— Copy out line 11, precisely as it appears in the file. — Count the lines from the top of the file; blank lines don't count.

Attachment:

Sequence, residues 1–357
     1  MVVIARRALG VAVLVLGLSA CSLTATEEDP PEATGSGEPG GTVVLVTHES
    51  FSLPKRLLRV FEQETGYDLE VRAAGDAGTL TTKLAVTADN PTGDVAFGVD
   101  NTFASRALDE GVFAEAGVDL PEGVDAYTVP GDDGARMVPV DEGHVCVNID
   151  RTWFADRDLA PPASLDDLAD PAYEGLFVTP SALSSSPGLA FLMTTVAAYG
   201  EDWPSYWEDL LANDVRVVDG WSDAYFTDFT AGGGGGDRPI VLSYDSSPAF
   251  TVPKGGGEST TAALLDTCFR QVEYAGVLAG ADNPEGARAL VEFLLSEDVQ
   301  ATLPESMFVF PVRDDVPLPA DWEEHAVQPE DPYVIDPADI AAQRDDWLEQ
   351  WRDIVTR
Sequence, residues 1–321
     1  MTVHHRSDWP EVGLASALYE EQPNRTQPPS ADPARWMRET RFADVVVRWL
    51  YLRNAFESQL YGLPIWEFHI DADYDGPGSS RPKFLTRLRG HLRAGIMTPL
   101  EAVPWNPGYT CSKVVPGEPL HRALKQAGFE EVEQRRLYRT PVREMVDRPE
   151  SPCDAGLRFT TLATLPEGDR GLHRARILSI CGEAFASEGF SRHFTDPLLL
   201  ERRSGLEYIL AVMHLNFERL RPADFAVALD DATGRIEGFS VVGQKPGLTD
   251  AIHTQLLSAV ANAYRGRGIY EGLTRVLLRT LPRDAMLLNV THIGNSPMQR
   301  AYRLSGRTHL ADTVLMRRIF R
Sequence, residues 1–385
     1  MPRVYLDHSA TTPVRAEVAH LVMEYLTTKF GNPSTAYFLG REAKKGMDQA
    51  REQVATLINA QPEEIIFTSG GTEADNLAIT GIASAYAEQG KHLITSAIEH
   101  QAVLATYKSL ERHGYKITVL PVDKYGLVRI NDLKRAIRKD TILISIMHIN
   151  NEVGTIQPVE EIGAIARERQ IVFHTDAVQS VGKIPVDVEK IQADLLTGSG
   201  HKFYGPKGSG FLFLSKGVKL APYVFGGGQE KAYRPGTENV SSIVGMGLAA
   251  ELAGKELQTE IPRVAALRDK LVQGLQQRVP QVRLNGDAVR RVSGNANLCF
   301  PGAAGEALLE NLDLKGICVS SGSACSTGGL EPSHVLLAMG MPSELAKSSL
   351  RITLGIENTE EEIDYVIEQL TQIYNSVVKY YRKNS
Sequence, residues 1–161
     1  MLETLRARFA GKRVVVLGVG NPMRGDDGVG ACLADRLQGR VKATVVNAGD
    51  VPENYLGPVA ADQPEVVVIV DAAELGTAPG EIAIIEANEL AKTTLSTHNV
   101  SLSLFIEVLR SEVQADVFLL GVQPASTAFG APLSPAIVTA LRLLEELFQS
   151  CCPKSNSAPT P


     1  MTVHHRSDWP EVGLASALYE EQPNRTQPPS ADPARWMRET RFADVVVRWL